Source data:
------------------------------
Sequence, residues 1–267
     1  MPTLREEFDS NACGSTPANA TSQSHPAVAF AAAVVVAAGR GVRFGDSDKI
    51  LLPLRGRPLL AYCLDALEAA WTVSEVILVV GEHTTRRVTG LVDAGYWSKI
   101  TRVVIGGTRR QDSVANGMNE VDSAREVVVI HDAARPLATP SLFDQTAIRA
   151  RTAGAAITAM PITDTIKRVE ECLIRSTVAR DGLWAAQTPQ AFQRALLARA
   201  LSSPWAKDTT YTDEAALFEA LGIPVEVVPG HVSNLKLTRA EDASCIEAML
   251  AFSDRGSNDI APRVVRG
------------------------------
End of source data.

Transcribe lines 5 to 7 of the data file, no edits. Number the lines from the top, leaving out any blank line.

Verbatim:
   151  RTAGAAITAM PITDTIKRVE ECLIRSTVAR DGLWAAQTPQ AFQRALLARA
   201  LSSPWAKDTT YTDEAALFEA LGIPVEVVPG HVSNLKLTRA EDASCIEAML
   251  AFSDRGSNDI APRVVRG